Finally, on the environment, we have discussed the workstation but what about the workspace and the surrounding space. Not everybody will have enough space at home to work in an uninterrupted manner. What about other household members? Pets? Deliveries? They all cause a distraction. I know of people that are sharing a study at home. Others are sharing Dining Tables. I have heard from people that are working in Garages or coffee tables. It is also quite likely that there will be other people in the household who are at home. If children are off school how easy would it be to work when they are around. How can it be possible to concentrate on a complex matter with a TV on or other family members behaving as they normally do at home.

But there are other benefits to working together too. Some years ago, I was involved in a major relocation project that consolidated a number of different office locations into a central Head Office. The improved communications and efficiency gains were substantial. People who had worked for the same organisation but had never met were suddenly getting to know each other and working as a team. A quick chat by the coffee machine often meant that issues were resolved before they became issues.

I recently spoke with a Manager who is working at home as are all of his team. He said that he is working longer days than ever because what used to be resolved with a quick 5 minute catch up in the office is now scheduled as a 30-minute video meeting. This results in time being wasted trying to utilise the full 30 minutes and justify the meeting. There are cultural changes that can be applied to replace this but the issue is still there; people like to meet people.

There are of course exceptions. I have focused on contact centres as that is where I work most of the time. The range of services delivered by contact centres is extensive and some are suited to Homeworking or working remotely. When call volumes are low and the office is closed it is quite possible that enquiries can be dealt with remotely. Some outbound calls are also better suited to being made from remote location especially when the content is basic or processes well developed.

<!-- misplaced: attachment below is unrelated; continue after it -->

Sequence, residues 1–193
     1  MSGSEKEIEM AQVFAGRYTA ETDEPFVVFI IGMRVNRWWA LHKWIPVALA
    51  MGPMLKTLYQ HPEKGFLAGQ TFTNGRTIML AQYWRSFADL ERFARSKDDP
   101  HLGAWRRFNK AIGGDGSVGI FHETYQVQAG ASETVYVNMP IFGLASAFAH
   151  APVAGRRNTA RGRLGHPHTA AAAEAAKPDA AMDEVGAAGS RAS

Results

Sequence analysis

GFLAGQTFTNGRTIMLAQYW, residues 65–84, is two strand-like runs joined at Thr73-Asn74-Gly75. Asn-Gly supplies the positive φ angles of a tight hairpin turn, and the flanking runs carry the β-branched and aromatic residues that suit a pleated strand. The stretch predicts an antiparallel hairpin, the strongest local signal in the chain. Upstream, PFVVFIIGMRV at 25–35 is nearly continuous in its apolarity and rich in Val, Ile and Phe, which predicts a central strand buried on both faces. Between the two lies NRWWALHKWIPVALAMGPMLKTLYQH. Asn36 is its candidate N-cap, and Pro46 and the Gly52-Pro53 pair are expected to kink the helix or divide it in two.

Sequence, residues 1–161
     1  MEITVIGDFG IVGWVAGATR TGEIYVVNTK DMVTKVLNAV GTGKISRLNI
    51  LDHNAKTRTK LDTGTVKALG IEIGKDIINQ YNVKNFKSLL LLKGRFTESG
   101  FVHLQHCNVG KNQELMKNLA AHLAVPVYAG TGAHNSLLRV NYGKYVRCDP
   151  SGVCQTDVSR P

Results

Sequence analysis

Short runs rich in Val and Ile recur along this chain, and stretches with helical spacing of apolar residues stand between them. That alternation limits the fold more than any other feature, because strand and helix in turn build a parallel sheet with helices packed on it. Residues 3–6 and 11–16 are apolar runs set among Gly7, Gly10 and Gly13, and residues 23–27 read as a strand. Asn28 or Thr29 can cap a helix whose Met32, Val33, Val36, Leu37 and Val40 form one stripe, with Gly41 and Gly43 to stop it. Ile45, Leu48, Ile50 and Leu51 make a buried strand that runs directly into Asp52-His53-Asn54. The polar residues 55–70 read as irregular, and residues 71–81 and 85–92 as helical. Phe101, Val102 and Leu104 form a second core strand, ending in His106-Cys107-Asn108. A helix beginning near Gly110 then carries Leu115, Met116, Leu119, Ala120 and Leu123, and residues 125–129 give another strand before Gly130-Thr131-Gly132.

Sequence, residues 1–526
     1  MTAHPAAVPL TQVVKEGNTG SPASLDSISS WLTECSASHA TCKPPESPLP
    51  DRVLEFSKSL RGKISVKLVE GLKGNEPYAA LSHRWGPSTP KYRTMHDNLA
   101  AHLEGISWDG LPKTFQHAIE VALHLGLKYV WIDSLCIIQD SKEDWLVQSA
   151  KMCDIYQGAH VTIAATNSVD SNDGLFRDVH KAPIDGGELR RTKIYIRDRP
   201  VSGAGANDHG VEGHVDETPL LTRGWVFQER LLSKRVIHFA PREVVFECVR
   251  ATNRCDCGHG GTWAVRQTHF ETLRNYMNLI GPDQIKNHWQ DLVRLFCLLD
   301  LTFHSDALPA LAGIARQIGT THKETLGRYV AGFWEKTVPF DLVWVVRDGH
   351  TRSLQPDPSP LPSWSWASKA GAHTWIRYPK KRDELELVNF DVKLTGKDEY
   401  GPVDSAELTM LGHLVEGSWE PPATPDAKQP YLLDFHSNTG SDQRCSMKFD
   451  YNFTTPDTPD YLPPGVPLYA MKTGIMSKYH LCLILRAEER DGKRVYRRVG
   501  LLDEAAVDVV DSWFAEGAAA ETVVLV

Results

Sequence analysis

I am not suggesting that people who suggest that Homeworking will be normal are wrong and I do think that there will be more Homeworkers in the future. But each situation needs to be carefully considered and an assessment of the suitability from many aspects taken into account before settling to a new norm just because it saves office space.

From a business perspective, it is inevitable that there will be calls to reduce costs by reducing the amount of office accommodation but that is a simplistic view if taken in isolation. What about:

  • Increased attrition levels resulting in recruitment costs and degradation in service
  • Increased absence from mental health issues caused through stress and being isolated
  • Potential claims for negligence as a result of not providing a suitable working environment
  • Reduction in levels of service caused by a combination of all of the above.

The main cost in most businesses is the human capital; people. They need to be protected and supported to get the correct return on that investment.

With regards to technology, make sure it is flexible and therefore enables both office and remote working. Cloud based solutions are becoming the norm with hosted solutions and rate based payments. Capital investment is reducing so ROI models will be different.